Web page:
I was having a lovely meal with my friend Dara the other day, when we began chatting about money, and its strange role in our lives and in the art world. Dara mentioned the curious case of JSG Boggs, an American artist who draws single-sided banknotes and “spends” them for their face value all around the world.
He doesn’t sell his drawings. That’s rule number one. Instead he “spends” them. That’s rule number two. So far, he’s spent about $250,000 worth of Boggs’ bills. [...] Once Boggs has completed a transaction, he keeps mum about it for twenty-four hours, so the person who got the drawing has “time, unbothered, to think about what’s just transpired.” That’s rule number three. After that–rule number four–Boggs will sell the receipt and change from the transaction to a collector. Via the receipt, the collector can track down the owner of the Boggs bill and negotiate a deal “so as to complete the work.” [...] A bill that Boggs uses to make a five dollar purchase can be resold for, perhaps, a hundred times that much–a figure that fluctuates over time. And, once a collector completes the artwork, the value of the whole exceeds the sum of the cost of the parts. So, where did that value come from? Boggs’ labor? The efforts of the collector? The vicissitudes of the art market?
While Boggs’ work brings up interesting questions about the art market, what I found even more compelling were the questions that his work brings up about the very nature of money itself. Paper money is, in fact, strangely similar to traditional fine art that is hand-drawn by an artist: it is meant to be inimitable, genuine, and valuable. Boggs’ notes fulfill these criteria, but subvert the global economic system that paper money is but one signifier of.
Which led my thoughts to the subject of alternative currencies. I had the experience of attending the World Summit on Free Information Infrastructures at Limehouse Town Hall in London, in 2005. They were using an alternative currency called “the Lime” at this event, which I was initially skeptical about, but by the end of my visit was completely enchanted by the possibilities it afforded.
The Lime is a currency created for the Limehouse area. A “Special Edition” of the currency has been created for the duration of WSFII for use by delegates. [...] The Lime works like cash. We have a very simple exchange rate: 1. One (1) lime = 1 (one) Pound (1L = £1). When you buy items at local stores, you can pay in a mixture of Limes and Pounds, and will get change in pounds (or Limes). All Lime notes are printed onto green paper, and must be activated with a Red stamp. Make sure that all your Lime notes have a red “Valid” stamped onto their front. [...] The Special Edition Lime is not actually a community currency, it is backed by real cash. Our objective with this project is to initiate the currency, to get people to start to see it as a way to trade.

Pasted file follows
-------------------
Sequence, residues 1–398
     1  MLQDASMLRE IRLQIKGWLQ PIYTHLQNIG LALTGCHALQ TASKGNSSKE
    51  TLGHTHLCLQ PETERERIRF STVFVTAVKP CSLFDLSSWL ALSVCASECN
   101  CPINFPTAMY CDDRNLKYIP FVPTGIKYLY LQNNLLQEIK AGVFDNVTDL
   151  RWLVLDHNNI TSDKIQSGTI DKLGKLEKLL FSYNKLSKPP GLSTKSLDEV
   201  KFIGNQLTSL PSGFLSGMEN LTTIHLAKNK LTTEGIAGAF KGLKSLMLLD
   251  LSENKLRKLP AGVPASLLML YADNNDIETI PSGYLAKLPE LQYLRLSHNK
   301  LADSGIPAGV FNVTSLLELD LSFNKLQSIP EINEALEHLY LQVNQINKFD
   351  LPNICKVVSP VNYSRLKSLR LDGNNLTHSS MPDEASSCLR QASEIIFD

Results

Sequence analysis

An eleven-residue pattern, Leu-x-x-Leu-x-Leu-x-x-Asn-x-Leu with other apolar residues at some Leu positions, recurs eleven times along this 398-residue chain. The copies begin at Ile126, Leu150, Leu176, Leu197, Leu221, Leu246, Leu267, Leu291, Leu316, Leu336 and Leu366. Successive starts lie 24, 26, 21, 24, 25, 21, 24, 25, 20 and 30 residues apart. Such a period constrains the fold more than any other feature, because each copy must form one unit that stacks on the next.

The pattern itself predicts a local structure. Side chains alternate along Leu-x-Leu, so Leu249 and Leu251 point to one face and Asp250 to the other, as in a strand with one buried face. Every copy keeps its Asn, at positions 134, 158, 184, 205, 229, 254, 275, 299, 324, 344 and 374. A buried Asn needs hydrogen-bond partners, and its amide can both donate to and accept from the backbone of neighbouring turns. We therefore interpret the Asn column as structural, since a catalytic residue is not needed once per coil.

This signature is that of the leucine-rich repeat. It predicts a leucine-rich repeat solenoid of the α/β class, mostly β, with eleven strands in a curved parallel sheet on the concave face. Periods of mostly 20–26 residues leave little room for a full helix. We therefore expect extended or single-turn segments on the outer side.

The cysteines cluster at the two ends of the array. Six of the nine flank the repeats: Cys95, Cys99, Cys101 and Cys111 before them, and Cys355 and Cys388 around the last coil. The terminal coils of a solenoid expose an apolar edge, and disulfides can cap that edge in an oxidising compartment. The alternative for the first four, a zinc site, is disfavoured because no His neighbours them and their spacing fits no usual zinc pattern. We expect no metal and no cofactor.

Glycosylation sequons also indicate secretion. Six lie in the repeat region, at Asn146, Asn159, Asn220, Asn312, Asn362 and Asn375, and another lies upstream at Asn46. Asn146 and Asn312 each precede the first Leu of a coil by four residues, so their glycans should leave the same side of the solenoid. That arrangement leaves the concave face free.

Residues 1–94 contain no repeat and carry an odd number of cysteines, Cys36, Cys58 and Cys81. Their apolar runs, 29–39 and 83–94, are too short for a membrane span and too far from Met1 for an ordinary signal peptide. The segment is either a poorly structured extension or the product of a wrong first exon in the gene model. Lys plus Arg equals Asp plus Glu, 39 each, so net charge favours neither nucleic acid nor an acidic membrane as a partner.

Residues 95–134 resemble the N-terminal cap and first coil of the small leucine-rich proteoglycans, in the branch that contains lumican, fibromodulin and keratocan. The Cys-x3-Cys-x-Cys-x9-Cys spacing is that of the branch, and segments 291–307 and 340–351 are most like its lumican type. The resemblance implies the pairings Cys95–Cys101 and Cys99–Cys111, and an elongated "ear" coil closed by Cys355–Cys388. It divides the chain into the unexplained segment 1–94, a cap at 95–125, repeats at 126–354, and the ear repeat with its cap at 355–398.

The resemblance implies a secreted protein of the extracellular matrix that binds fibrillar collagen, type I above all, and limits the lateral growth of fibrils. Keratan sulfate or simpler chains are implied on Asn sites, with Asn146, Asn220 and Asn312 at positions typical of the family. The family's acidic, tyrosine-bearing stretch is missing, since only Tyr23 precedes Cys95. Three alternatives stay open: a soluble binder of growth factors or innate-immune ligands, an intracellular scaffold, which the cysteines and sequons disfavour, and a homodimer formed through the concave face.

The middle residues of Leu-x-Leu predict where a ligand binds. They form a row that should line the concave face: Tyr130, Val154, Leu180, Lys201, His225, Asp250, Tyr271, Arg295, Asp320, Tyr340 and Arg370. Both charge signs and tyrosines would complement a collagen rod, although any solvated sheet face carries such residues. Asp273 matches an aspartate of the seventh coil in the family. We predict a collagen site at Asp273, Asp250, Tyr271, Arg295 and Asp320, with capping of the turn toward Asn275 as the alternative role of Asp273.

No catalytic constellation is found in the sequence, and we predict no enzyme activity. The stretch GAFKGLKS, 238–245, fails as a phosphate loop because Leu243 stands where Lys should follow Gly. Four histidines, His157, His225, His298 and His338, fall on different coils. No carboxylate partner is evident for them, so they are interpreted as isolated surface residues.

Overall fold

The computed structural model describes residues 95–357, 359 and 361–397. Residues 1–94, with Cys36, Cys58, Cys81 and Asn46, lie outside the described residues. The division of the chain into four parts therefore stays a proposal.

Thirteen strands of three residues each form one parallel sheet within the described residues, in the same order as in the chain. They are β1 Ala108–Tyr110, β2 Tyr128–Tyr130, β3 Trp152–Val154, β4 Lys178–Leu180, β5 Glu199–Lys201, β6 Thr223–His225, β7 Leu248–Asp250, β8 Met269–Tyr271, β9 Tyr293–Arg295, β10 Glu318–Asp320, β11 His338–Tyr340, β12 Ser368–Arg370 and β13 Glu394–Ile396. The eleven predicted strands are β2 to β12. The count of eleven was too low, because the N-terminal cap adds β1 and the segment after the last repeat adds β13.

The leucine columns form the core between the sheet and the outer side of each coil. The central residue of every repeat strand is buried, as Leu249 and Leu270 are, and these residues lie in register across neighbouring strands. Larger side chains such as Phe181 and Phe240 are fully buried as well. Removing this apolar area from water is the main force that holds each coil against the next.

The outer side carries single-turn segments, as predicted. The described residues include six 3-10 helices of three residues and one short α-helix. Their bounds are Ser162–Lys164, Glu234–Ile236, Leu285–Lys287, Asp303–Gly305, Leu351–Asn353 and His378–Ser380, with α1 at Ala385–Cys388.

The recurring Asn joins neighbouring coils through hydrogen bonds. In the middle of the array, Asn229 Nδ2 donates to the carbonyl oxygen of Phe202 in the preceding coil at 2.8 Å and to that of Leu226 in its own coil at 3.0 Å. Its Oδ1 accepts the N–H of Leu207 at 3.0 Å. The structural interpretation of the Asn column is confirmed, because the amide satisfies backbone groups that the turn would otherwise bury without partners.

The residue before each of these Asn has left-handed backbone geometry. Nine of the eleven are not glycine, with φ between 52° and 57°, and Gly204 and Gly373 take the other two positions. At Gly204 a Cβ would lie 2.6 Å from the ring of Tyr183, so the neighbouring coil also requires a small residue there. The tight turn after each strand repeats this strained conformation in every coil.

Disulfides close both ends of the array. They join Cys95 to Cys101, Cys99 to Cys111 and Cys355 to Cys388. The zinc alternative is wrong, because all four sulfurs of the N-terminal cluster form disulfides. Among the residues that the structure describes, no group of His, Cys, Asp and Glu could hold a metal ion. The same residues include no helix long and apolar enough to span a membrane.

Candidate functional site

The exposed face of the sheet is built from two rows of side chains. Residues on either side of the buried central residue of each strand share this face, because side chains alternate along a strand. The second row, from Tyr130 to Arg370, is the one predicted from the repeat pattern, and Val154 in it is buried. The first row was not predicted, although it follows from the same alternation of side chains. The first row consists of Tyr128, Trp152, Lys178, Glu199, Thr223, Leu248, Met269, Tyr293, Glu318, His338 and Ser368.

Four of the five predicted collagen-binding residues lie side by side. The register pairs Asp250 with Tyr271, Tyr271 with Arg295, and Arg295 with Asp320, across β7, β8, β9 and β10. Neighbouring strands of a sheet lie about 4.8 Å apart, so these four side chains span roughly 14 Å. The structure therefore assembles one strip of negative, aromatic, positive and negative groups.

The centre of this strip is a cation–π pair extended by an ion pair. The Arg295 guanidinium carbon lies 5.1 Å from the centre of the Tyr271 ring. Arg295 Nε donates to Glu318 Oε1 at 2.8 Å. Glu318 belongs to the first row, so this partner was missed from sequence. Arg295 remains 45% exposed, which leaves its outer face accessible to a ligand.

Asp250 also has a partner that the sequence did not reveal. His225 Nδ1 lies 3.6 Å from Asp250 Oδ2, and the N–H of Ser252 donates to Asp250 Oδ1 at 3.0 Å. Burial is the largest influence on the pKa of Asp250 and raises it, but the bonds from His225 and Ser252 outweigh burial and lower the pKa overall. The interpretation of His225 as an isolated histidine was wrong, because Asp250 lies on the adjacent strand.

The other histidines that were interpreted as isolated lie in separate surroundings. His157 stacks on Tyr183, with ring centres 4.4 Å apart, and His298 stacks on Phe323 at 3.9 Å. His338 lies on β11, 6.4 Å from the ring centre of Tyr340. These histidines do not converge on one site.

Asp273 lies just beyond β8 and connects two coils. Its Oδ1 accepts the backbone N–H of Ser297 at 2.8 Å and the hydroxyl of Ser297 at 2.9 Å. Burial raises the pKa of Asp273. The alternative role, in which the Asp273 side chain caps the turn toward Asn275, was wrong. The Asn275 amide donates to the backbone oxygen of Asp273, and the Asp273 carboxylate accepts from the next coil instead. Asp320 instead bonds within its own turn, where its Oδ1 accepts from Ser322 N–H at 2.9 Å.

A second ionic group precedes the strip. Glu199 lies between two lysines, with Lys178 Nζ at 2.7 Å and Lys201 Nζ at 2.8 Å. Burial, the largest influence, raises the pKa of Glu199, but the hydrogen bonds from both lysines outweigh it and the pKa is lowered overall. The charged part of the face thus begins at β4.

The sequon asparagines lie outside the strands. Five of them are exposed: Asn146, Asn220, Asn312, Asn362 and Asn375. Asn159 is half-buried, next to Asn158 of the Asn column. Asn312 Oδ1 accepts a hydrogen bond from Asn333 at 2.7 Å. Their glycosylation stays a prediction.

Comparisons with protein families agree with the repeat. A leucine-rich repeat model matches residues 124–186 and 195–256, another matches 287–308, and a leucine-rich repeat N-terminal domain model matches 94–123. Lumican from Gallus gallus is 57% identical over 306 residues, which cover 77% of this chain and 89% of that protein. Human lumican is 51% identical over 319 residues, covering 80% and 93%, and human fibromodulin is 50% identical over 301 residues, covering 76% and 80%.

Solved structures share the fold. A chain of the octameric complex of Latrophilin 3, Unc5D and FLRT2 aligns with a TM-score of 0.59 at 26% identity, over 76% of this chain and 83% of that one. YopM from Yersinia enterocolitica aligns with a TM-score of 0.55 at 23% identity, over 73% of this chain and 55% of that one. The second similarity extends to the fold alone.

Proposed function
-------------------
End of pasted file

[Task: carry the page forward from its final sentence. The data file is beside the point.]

Initially I traded my Sterling for Limes and thought, “I hope I don’t get stuck with any of this funny money as leftovers.” Then I went to a local pizzeria and paid in Limes. As I was settling up, I noticed the huge piles of Limes behind the register. At that moment I realised that the economic impact of this influx of travellers coming to the WSFII conference was being made material to local businesses, where previously it had been nearly invisible. The Limes had made their impact – not just on delegates, but on the perception of locals.
Two organisers, Greenman and Mary Fee, explained how the Lime was used in local businesses in this way:
We described the Lime to local businesses as “Food Tokens”. Delegates to our conference would be given tokens which they would use to exchange for food. We gave each business about £50 as a deposit and asked them to accept 50 Limes worth of business. When the £50 was used up, we would pay them a visit and hand over more money. We mentioned that, if they were happy to accept more Limes than they had deposit for, we would reimburse them for those too. Stores were given an information sheet on how the “food tokens” worked, as well as a small “Limes Accepted Here”sign to post in their window.
Thoughts of limes and pizzas led me to another project that interrogates the notion of money and value, and brings the questioning of the art market full circle.
“Wants for sale” is a project by two NYC-based artist/designers, Christine Santora and Justin Gignac. They have created paintings that depict items that they desire – and are selling the paintings for the exact cost of the item. The painting of sleep costs nothing, the painting of the iPhone goes for the actual iPhone cost of $649.17, the painting of a steak goes for $18.49, and “financial security” (a painting of a stack of greenbacks, pictured above) goes for 1 million dollars. I wonder if the artists would take payment in Boggs notes, or Limes?